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Wet forests and rainforest

Powerful Owl (Photo: J. Tscharke)

Powerful Owl (Photo: J. Tscharke)

3 years ago from Parks Victoria

Location: Wet forests and rainforest

Bracket Fungus (Photo: Mark Antos)

Bracket Fungus (Photo: Mark Antos)

3 years ago from Parks Victoria

Location: Wet forests and rainforest

Central Highlands Spiny Crayfish (photo: M. Antos)

Central Highlands Spiny Crayfish (photo: M. Antos)

3 years ago from Parks Victoria

Location: Wet forests and rainforest

The cool mountains and gullies of ranges in southern, central and north-eastern Victoria as well as areas at lower elevations are dominated by wet eucalypt forests and rainforests.

The wet eucalypt forests have Victoria’s tallest trees including the world’s largest flowering plant, the Mountain Ash which reaches up to 100 metres in height and 15 metres in circumference. This often grows in single species stands, but Messmate and Mountain Grey Gum, or Shining Gum and Alpine Ash at higher altitudes, and other eucalypts share the sky.

In rainforests and sheltered gullies a dense canopy of non-eucalypt tree species, climbers, broad-leafed shrubs and tree ferns provide umbrellas of shade for a variety of ferns, shrubs, mosses and myriad of other life-forms.

More about wet forests and rainforests

  • Generally Myrtle Beech rainforests only form once a wet eucalypt forest reaches maturity, which takes several hundred years to do so
  • Trees in wet forests begin to develop hollows in trunks and larger branches after they are about 150 years old
  • Possums (such as the rare Leadbeater’s Possum), gliders, bats, owls, bats, and many bird species require tree hollows or standing dead trees for nesting or roosting or both

Key Threats

  • In young forests hollows are scarce resulting in less diverse and smaller populations of forest animals
  • Many understorey plants flourish after fires and are often older than the dominant eucalypts which may be killed in an intense fire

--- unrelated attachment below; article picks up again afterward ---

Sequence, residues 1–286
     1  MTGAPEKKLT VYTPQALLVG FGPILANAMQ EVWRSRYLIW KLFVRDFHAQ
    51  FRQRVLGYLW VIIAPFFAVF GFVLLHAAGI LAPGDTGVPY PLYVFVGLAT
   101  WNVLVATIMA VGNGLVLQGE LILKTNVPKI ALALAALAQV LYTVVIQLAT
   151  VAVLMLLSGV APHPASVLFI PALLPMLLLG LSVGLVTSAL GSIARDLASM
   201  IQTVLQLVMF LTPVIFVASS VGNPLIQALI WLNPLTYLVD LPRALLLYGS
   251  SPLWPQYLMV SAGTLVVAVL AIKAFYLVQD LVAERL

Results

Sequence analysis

• Weed infestation
  • Predation of native animals by introduced species
  • Phytophthora cinnamomi (fungal dieback)

Where to see wet forests and rainforests

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Discover the Prom this winter

29 Jun 2015 - 10 Jul 2015

Join a ranger to discover Wilsons Promontory National Park this winter. Adventure through forest tracks, along Tidal River and amongst boulders of the rocky shore. Help celebrate National Aborigines and Islander Day Observance Committee (NAIDOC) Week by creating a stencil art banner. Discover the unique flora of the Prom and…

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What's on for July in Albert Park

1 Jul 2015 - 31 Jul 2015

A wide variety of events are held at Albert Park throughout the year. Events range from fun runs and sporting tournaments to other community events. See the full calendar here.

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All Dinosaurs Great and Small

8 Jul 2015 10:00am-12:00pm

Be a palaeontologist for the day! What can fossils show us about the diet of dinosaurs? Why did they have claws? Learn how modern animals teach us about the behaviour of prehistoric creatures and make your own fossil replica to take home. All weather activity.

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Owls on the Prowl

8 Jul 2015 1:00pm-3:00pm

Have you ever wondered what owls eat? Children dissect an owl pellet and find out exactly what their barn owl has been eating. A great session for young biologists! All weather activity.